Speaker 2: (16:34)
We don't provide access to human support. Right. But for pretty much any other product, right. We're giving you, uh, you know, a really high level of service. And so that's sort of been our, our place to make sure that we're like we first and foremost have a really high baseline. And then we're sort of layering on additional, um, you know, behind the scenes offerings. Right. Cause it's not, I think one of the other challenges with when you're running a support team, as it comes really like, well, if you pay for this additional service, you get X and Y and like, and one of the things that I think we're trying to be as like fairly transparent, but also simple, right? Like if, if you need to layer on this whole additional services packages and all this other stuff, right. I think it just gets that much more, that's much more complex. So, um, it's always this balancing act of trying to make sure we're tailoring to meet the needs of different customer segments and recognizing that like, you know, a customer who's paying $50 probably, you know, from just an economic standpoint, we'll need to have a different level of service than somebody who's paying, you know, thousands of dollars every month. But like, we, we don't want it to feel like we won't, like, we're fundamentally committed to everybody having that sort of opportunity to grow and that access access to help when they need it.
Speaker 1: (17:43)
Cool. Yeah. I think, uh, having elements, like you said, culturally, that are like, we're just going to provide good service regardless of if you're a free user or, you know, our top paying customer. Um, I think that really helps when it's integrated and then, um, you know, just providing, uh, a tailored customer service to someone who comes in, but the strategies are kind of the same. Yeah.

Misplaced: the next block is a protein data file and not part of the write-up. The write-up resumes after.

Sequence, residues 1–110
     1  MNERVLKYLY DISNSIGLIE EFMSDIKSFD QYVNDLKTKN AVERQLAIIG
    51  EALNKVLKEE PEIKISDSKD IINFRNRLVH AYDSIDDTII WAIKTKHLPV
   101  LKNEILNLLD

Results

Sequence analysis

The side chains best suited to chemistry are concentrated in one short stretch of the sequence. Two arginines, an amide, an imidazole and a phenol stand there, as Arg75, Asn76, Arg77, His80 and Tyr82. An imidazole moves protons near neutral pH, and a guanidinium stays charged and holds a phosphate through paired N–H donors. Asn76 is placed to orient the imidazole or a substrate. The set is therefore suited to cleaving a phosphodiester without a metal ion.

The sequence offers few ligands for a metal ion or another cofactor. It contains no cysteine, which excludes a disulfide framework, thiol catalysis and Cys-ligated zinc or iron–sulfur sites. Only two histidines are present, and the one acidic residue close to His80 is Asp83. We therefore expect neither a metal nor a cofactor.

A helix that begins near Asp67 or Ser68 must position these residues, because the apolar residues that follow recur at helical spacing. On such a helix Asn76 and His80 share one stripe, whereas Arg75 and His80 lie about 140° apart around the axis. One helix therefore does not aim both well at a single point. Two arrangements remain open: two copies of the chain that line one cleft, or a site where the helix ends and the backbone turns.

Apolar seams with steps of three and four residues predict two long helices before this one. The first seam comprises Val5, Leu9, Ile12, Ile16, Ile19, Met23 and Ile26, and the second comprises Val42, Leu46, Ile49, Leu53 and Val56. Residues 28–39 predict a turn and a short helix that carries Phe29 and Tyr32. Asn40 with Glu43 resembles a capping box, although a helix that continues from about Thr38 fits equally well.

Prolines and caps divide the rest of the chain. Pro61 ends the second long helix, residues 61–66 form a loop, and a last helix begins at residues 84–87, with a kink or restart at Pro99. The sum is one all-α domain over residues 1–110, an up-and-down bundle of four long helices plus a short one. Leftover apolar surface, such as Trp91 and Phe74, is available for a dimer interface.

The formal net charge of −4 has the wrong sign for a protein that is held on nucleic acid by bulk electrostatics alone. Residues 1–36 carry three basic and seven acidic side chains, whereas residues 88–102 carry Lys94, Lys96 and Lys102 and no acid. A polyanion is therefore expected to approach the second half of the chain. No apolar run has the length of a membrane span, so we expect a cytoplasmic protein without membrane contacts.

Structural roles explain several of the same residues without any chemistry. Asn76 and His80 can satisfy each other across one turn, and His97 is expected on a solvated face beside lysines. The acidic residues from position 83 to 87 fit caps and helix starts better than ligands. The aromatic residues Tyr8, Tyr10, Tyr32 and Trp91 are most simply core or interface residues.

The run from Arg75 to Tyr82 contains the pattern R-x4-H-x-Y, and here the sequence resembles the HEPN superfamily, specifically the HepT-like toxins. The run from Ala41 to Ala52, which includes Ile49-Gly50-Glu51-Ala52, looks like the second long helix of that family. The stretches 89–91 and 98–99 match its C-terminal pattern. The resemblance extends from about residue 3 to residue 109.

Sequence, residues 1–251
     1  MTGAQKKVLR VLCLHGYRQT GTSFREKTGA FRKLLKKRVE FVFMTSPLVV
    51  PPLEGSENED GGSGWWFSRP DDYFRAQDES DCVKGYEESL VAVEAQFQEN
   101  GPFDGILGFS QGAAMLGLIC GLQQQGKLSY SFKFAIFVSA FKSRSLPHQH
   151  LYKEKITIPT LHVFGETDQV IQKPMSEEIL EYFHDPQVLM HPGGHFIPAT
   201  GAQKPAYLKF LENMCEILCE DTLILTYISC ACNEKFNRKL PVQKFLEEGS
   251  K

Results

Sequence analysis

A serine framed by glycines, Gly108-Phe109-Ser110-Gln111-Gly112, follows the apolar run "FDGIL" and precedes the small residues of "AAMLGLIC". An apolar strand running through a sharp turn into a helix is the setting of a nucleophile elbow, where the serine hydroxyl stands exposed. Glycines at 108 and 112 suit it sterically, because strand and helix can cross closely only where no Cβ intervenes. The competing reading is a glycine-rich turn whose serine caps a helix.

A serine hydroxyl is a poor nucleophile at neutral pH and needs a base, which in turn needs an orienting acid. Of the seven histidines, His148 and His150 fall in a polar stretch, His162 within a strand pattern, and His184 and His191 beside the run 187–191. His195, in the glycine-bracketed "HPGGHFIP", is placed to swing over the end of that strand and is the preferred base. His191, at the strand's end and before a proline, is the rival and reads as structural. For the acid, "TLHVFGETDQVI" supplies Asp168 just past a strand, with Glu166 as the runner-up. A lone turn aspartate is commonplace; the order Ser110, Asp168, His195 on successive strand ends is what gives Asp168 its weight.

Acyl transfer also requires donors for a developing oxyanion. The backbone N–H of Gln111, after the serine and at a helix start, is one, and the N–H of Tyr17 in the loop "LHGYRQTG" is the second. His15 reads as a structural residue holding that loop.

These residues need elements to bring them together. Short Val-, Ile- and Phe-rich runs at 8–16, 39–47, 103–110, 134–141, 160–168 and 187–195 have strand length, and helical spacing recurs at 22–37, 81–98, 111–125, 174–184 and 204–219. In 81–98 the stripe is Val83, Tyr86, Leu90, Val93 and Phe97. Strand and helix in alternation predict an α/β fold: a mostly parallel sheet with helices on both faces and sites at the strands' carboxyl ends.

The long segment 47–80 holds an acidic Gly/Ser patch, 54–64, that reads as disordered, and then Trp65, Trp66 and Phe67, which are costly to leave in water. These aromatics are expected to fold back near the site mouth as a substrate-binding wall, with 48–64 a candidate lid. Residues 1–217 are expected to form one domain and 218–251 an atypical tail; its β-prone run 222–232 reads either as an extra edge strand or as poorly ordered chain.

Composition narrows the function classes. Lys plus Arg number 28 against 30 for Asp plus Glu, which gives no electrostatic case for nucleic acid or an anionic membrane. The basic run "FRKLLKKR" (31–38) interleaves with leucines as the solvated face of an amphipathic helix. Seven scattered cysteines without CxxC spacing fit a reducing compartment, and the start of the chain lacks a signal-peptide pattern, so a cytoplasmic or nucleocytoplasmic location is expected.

Speaker 2: (18:08)
I think like, you know, on the sort of like in the free space, right. We spend a lot of time in our product and engineering, Oregon investing in like, how do we still create a remarkable experience, but that could be totally touchless, right? Like, ideally you're able to come in and do everything that you want to do within sort of a free suite or even a starter suite without having to talk to, you know, a support person, a bunch over the course of a month. Um, and so I think like that's another thing is like making sure you're, you're making investments in that freemium space to really create that, um, you know, that ease, that ease of use experience from, from day one.
Speaker 1: (18:42)
Awesome. I like to ask, um, you know, what a recent experience that you've had as a consumer is, um, could be retail. It could be tech, could be, you know, really whatever. Um, what's, what's a brand that's really stood out to you, uh, recently with, with you as the customer.
Speaker 2: (19:01)